My Petting Zoo LLC offers children and adults alike the chance to interact with a variety of gentle animals. Miniature goats, a mini horse, and a pony named Riley cavort among rabbits, chickens, ducks, and potbellied pigs. Customers are welcome to visit the animals at a farm, or request a mobile visit that brings the animals to parties, events, schools, or homes.
In 1906, after studying disruptions in the orbit of Uranus, Percival Lowell began to suspect the existence of a planet beyond Neptune. He referred to it as Planet X, and he scanned the night sky from his Flagstaff observatory until his death in 1916. More than two decades passed after the initial conjecture before Lowell astronomer Clyde W. Tombaugh sat down in the very same observatory and confirmed the existence of the dwarf planet Pluto.
Though Lowell and Tombaugh's planet was kicked out of the solar club in 2006, their discovery led to several decades of essential research at Lowell Observatory. The observatory’s astronomers have since discovered evidence of the expanding universe and have also provided exhaustive measurements of the motions and basic properties of stars. In 2012, the nonprofit observatory became home to the Discovery Channel Telescope—the fifth largest telescope in the continental United States and currently the only one capable of observing the astronauts stranded on Neptune.
At the age of six, when most kids are learning how to tie their shoelaces, Grand Canyon Adventures owner and guide Andrew Moore went on his first backpacking trip with his family to the Grand Canyon. Years later, Moore is still exploring the scenic gorge. But nowadays, he shares his expertise with the tour groups on Grand Canyon Adventures' day trips, hikes, and bike tours. And it’s still a family affair. Andrew’s nature-loving dad, Bob Moore, drives the air-conditioned vehicle and shares his vast knowledge about the Grand Canyon on guided excursions.
There are hiking expeditions to suit all skill levels. One is the Grand View Trail to Coconino Saddle, a 2.5-mile trek that runs along a 100-year-old former mining trail and climbs 1,200 feet in elevation. Or, opt for a bike tour along the historic Hermits Rest Road, a former pioneer trail that winds along the canyon rim—keep an eye out for Colorado River rapids below or a napping Wile E. Coyote.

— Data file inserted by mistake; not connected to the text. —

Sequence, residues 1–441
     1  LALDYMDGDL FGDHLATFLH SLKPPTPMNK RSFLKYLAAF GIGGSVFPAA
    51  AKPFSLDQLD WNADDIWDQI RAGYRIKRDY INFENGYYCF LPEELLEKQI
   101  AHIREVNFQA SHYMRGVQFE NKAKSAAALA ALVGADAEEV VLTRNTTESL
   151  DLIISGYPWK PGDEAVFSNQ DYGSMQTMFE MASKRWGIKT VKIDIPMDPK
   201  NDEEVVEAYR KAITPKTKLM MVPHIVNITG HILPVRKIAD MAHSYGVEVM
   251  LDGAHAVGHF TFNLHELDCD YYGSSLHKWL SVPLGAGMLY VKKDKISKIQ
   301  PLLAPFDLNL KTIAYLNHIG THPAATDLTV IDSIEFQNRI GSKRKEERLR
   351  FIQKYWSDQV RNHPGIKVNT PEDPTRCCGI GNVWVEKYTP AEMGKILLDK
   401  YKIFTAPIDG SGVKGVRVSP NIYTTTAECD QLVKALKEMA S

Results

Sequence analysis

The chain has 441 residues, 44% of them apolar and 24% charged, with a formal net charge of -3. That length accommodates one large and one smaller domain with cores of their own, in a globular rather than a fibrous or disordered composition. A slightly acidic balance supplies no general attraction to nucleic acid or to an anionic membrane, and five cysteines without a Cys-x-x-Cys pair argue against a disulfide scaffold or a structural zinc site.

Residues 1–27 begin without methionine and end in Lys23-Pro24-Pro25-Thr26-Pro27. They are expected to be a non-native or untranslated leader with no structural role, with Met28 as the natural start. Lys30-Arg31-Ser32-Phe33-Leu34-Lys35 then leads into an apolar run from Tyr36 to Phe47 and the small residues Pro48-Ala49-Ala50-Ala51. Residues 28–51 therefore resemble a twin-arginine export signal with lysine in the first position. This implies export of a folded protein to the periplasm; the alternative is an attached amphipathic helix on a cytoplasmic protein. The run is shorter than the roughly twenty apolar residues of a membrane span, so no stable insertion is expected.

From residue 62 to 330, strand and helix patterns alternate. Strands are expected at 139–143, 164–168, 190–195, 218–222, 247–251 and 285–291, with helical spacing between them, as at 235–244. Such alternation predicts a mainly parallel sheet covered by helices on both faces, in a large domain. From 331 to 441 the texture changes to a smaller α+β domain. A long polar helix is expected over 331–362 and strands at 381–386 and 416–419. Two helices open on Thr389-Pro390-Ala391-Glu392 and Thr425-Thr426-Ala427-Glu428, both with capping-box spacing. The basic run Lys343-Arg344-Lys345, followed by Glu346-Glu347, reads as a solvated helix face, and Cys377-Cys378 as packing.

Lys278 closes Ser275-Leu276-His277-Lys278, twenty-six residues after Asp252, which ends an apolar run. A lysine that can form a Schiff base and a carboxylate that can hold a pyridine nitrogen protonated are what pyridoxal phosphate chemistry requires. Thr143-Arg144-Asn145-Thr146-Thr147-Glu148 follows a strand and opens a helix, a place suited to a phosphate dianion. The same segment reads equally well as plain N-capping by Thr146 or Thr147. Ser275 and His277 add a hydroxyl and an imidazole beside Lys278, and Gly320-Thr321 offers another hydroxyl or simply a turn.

The experienced guides at Angel's Gate Tours might not live in the Grand Canyon, but they come pretty darned close. They spend most of their days traversing the trails of Grand Canyon National Park, picking up tidbits of local lore and wilderness knowledge as they go. All of this recon work pays off during their all-inclusive explorations. After transporting guests to and from select area hotels in air-conditioned vehicles, they share their stories and expertise during tours along the canyon’s rim or adventure hikes into the rugged backcountry. Whether they’re traversing one of the canyon’s sky islands or descending into stalactite-strewn caverns, guests remain in capable hands; in addition to their expertise in geology and wildlife, all guides also bear certification in wilderness medicine.
Sedona Red Rock Adventures' founder, Jim Reich, credits his father with nurturing a love of nature in their home outside New York City. As an adult, Jim transplanted his passion for the outdoors to the crimson boulders of Sedona after encouragement from a friend and fellow outdoorsman. A Western backdrop for movies during the 1940s and '60s, Sedona covers 19 square miles in the middle of scarlet bluffs, canyons, and Native American ruins and petroglyphs. Jim and his canine sidekick, Summit, share their affinity for fresh air through diverse tours that range from daylong jaunts into the Grand Canyon to the exploration of nocturnal wildlife during full-moon adventures. He adheres to Leave No Trace protocols, leaving nearby national parks free from litter or speakers blaring the theme from Chariots of Fire.
Jim powers all of his tours, including voyages through wine country and microbreweries, with drinks and snacks, and invites pooches along for the ride. He also snaps photos so that patrons can always remember the time they dropped their digital camera into the Grand Canyon.